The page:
Identified victims of the Tulare County massacre

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The 16-year-old’s body was found crumpled away from home, along with her dead 10-month-old son. It was clear to investigators who arrived on the scene in the early hours of Monday morning that the young mother had tried to flee with the baby in her arms. But forensic evidence showed that she had been caught before she could escape, and both she and her son were shot in the forehead from above, execution style.

Four other people, including a grandmother sleeping in her bed, were murdered with similar cold professionalism in the rampage at a family compound in the farming town of Goshen.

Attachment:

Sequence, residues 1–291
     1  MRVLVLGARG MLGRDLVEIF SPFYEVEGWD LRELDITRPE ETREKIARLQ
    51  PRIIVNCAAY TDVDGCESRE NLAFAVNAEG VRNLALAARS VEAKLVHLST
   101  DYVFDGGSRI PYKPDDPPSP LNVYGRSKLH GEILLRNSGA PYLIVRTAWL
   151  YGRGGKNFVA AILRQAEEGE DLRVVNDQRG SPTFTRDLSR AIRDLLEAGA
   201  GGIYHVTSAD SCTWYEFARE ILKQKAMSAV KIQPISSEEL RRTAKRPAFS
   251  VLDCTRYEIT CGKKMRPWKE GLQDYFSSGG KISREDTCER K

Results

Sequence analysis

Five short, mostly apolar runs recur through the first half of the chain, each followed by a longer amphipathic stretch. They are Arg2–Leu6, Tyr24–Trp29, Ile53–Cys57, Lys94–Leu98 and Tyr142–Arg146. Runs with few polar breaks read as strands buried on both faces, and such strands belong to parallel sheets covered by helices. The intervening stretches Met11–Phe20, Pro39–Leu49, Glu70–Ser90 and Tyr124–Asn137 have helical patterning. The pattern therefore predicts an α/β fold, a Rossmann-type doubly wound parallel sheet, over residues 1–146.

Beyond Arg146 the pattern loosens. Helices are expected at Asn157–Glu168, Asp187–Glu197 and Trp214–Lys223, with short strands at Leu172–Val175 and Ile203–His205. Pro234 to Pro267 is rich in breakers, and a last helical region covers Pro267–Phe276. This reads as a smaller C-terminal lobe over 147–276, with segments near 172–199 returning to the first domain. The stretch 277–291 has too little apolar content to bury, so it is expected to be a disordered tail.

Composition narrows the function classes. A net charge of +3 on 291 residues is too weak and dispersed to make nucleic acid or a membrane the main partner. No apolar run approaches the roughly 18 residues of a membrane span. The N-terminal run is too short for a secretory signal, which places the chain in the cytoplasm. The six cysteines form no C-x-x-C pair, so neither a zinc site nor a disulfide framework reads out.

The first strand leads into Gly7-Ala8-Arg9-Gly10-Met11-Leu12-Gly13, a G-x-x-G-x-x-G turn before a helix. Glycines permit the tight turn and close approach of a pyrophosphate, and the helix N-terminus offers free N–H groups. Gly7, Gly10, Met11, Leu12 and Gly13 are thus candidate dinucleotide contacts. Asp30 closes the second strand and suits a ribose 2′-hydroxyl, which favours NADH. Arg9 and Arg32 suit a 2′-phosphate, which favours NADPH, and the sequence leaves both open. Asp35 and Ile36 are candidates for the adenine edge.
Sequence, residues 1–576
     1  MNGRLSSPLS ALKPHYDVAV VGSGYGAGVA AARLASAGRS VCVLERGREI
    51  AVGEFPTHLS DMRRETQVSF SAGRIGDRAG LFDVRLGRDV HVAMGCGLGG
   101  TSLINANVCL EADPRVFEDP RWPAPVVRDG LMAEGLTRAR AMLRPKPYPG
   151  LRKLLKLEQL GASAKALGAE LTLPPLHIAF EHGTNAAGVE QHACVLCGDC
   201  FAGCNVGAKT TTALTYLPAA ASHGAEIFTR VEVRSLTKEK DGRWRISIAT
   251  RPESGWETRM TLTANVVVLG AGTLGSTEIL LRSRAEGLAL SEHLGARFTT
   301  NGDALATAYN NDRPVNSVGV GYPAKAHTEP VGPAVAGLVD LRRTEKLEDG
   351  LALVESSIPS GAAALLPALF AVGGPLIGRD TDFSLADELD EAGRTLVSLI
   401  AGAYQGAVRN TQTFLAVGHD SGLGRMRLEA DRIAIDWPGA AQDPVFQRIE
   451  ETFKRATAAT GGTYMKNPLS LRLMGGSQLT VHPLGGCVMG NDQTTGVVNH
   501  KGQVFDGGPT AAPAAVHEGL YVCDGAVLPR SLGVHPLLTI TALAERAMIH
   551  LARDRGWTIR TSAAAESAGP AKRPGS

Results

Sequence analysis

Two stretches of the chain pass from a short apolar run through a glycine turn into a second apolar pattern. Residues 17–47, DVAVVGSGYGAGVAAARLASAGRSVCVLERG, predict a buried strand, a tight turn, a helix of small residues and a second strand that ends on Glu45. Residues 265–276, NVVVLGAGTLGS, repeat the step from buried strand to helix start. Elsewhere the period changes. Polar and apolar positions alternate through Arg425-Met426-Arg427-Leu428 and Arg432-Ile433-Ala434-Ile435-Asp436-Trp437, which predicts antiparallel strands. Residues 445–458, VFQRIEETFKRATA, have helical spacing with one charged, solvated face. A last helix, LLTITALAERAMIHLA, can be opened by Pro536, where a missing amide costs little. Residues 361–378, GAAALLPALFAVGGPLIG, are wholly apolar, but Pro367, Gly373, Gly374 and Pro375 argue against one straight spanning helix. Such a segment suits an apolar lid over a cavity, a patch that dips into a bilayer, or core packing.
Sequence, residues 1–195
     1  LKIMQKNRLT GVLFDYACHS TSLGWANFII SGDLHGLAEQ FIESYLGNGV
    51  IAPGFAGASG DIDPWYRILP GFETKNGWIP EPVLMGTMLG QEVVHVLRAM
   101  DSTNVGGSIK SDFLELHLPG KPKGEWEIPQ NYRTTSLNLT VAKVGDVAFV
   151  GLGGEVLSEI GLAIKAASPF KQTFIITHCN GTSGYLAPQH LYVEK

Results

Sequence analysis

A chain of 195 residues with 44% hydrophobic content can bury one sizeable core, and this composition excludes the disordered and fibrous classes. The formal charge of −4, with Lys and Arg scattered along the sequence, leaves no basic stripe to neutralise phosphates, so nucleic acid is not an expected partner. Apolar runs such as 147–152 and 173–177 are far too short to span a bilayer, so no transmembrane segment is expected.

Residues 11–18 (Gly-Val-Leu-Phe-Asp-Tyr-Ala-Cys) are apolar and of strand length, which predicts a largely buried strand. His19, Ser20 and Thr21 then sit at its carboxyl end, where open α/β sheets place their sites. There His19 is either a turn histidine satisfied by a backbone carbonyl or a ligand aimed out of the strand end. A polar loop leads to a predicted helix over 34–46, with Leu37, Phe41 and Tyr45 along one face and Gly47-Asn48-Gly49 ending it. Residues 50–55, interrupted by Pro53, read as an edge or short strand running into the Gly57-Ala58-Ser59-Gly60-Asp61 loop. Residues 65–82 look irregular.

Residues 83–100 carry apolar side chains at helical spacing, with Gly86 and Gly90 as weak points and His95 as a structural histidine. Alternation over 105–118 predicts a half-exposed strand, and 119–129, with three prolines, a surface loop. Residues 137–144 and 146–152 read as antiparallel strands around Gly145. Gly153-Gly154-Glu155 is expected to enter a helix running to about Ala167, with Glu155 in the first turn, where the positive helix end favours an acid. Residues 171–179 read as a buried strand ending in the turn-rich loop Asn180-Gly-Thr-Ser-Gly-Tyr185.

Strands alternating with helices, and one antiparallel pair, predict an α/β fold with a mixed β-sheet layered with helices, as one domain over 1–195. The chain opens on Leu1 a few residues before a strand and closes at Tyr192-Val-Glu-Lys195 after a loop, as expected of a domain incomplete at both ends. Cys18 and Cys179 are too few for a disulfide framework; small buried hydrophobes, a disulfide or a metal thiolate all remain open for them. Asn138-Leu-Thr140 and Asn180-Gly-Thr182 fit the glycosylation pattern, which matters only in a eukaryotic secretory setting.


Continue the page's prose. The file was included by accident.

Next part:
Speaking to reporters just hours after his deputies responded to the violent scene, Tulare County Sheriff Mike Boudreaux characterized the massacre as a targeted attack by an unspecified drug cartel. “The drug cartel”, in his words. What else could explain the depravity of executing a baby?

Twenty-four hours later, at a news conference on Tuesday, in which he identified the six victims and implored the public to come forward with information, the sheriff slightly modified that statement. “I’m not saying this is a cartel,” he said. “But I am not ruling out that possibility.”

In this dusty, impoverished suburb of the San Joaquin Valley, and far beyond, many were left considering the same possibilities when dealing with whoever would commit such a heinous crime.